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Arsinoe II, Queen of Thrace and Egypt

August 19, 2010
by Colleen Brondou
As queen of Thrace, then as wife to her brother, Ptolemy II, Arsinoe II gained great influence and power, and was honored with deification, her own throne name and her image on coinage.

Arsinoe II’s Early Life

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Arsinoe was born c. 316 B.C. in Macedonia to Berenice and Ptolemy I Soter. Macedonia was a northern Greek province that Alexander the Great had expanded. Due to the fact that Alexander failed to name a successor, after his death, his kingdom was divided among his generals. Arsinoe II’s father, Ptolemy, received Egypt and Libya, and the family settled in Alexandria, the great city that Alexander had founded.

In Alexandria, Arsinoe II “probably received a finishing-school education,” historian Rebecca Bartholomew reports. When she was just 16 years old, she married Lysimachus, the 45-year-old leader of Thrace, a Greek province. Lysimachus renamed Ephesus after Arsinoe II, and gave her cities on the Black Sea and Cassandreia, a city in northern Greece. The couple eventually had three sons: Ptolemy, Philip and Lysimachus Jr.

Arsinoe II's Reign

In 285 B.C., Arsinoe II’s father abdicated his throne to her brother, Ptolemy II. Soon after, her mother died, followed by her father in 283.

Arsinoe II was eager to ensure that her eldest son would succeed to the Thracian throne. In 282, she accused Agathocles, a son of Lysimachus from a previous marriage and his heir apparent, of treason. When “the old suspicious” Lysimachus ordered his son executed, an ally of Agathocles requested aid and a war broke out between Thrace and the Middle Eastern Seleucid kingdom, according to Encyclopedia Britannica.

Lysimachus was killed in battle in 281, and Arsinoe II fled to Cassandrea. There, she married her half-brother, Ptolemy Ceraunus, to ensure her own safety and that of her sons. Soon after, however, Ptolemy Ceraunus killed her two younger sons, and Arsinoe II and her eldest son fled to Alexandria.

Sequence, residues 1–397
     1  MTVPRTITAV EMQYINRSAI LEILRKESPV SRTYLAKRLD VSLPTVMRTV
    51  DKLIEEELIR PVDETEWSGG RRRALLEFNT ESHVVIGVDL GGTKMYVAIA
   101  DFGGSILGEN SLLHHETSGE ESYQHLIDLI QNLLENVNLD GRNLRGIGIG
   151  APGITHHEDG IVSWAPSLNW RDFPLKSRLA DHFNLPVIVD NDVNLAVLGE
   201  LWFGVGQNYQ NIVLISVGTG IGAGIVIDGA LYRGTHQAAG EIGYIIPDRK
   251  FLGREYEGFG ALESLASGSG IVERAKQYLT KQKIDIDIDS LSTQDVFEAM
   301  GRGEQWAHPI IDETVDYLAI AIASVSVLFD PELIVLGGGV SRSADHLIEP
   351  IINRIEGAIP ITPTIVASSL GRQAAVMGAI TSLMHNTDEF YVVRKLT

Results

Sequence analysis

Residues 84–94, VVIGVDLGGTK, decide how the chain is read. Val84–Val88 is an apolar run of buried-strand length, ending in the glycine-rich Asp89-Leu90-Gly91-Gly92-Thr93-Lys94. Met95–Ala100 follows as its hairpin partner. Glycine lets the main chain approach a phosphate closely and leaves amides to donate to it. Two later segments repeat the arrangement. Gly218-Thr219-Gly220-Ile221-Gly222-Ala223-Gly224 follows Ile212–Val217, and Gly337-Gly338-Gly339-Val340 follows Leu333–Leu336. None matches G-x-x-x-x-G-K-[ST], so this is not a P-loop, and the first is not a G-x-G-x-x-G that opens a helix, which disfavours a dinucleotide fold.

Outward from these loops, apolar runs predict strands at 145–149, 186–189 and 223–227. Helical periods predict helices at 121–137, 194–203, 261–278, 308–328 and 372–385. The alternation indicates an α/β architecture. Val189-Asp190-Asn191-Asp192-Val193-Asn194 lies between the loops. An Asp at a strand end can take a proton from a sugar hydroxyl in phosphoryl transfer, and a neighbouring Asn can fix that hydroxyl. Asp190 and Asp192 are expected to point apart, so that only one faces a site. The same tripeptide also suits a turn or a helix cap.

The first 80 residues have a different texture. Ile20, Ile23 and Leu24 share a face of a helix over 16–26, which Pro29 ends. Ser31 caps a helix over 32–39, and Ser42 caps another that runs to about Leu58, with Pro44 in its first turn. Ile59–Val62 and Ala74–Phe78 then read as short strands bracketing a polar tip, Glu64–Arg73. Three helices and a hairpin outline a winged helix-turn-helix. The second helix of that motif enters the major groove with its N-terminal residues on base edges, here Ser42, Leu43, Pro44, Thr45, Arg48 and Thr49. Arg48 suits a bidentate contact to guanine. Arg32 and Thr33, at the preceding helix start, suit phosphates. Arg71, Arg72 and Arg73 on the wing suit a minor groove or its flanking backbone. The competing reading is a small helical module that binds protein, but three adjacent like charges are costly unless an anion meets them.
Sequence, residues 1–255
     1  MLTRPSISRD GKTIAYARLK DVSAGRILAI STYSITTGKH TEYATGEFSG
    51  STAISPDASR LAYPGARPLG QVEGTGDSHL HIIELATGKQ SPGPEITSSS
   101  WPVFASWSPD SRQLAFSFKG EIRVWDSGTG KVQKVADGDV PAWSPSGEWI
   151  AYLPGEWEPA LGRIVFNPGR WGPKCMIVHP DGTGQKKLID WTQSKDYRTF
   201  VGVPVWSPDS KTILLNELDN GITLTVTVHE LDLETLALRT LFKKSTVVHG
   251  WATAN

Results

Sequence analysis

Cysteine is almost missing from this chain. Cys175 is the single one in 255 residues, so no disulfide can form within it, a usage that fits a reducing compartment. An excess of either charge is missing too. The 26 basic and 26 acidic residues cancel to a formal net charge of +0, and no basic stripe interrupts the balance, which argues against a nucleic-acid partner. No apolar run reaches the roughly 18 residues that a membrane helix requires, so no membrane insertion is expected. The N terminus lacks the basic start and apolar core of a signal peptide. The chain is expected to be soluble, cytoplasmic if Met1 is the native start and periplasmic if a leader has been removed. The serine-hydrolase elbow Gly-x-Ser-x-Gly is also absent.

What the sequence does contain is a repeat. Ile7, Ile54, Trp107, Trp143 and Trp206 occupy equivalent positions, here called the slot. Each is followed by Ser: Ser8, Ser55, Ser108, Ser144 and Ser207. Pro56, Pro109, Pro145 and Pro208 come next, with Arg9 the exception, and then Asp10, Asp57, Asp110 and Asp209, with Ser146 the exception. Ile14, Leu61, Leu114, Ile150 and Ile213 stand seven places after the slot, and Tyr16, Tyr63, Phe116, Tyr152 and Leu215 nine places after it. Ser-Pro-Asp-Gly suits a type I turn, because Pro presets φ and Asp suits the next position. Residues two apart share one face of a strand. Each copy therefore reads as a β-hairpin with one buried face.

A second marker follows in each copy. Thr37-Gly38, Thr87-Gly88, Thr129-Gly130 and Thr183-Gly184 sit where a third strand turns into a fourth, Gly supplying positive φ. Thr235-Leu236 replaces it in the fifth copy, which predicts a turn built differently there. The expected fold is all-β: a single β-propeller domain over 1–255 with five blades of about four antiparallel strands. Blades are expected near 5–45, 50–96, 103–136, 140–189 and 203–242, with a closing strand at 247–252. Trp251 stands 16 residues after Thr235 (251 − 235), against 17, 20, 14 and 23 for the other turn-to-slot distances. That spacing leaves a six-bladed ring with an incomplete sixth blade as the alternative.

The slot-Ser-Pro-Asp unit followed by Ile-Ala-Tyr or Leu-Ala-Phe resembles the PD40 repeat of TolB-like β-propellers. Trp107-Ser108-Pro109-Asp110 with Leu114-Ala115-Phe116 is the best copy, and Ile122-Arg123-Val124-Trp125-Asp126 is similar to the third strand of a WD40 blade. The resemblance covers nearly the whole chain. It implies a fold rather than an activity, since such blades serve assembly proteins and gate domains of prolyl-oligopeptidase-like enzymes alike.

After arriving in Alexandria, Arsinoe deftly maneuvered her way to the throne: She contrived for the wife of Ptolemy II to be accused of plotting her husband’s murder, an offense for which she was exiled. Around 277, brother and sister were married, a customary practice in Egypt at the time, but considered scandalous by the Greeks. From then on, both Arsinoe II and Ptolemy II had “Philadelphoi” or “Philadelphus” (“Brother-Loving”) added to their names.

Arsinoe was a capable advisor and administrator who heavily influenced the rule of Ptolemy. “It seems to have been an understood thing in the Greek world that the line henceforward followed by the Egyptian court in foreign policy was drawn by the firm hand of Arsinoe Philadelphus,” wrote E. R. Bevan in his 1927 work “The House of Ptolemy.”

She is credited with helping her husband achieve victory in the First Syrian War (274-271), for which Ptolemy had her deified, probably within her lifetime. She shared her husband’s titles, appeared on coinage, had towns named for her in Greece and dedications made to her at locations in Greece and Egypt.

Arsinoe died, according to a stele erected by Ptolemy II, under a new moon in the month of Pachon during the 15th year of Ptolemy’s reign. Scholars have long debated how this date approximates to the modern calendar; most estimates place the date in June or July between 271 and 268 B.C.

Arsinoe II’s Legacy

After her death, Arsinoe II’s cult was established in Alexandria with a shrine, the Arsinoeion, dedicated to her. At the end of Ptolemy II’s reign, Al-Fayym, a province southwest of Cairo, was renamed in her honor as the Arsinoite province.

Thousands of years after her death, images of Arsinoe II still exist. The Metropolitan Museum of Art is home to two representations of Arsinoe II: a statue and a head. The statue is made of limestone and was probably created after her death.

The head is believed to have been created c. 278-270 B.C. in the beginning of the reign of the Macedonian Greek Ptolemies. Made of indurated limestone, the head of Arsinoe II was constructed “in a style that is closely related to that of Dynasty 30, the last of the traditional Egyptian pharaonic dynasties,” The Metropolitan Museum of Art Web site explains.

In June 2010, a coin bearing Arsinoe II’s image was found embedded in a stone wall in Israel. According to Dr. Donald T. Ariel, head of the Coin Department of the Israel Antiquities Authority (IAA), the coin was minted by Ptolemy V in Alexandria, in 191 B.C. The head of the coin portrays Queen Arsinoe II Philadelphus and the reverse side portrays two “overlapping cornucopias decorated with fillets,” described the IAA.
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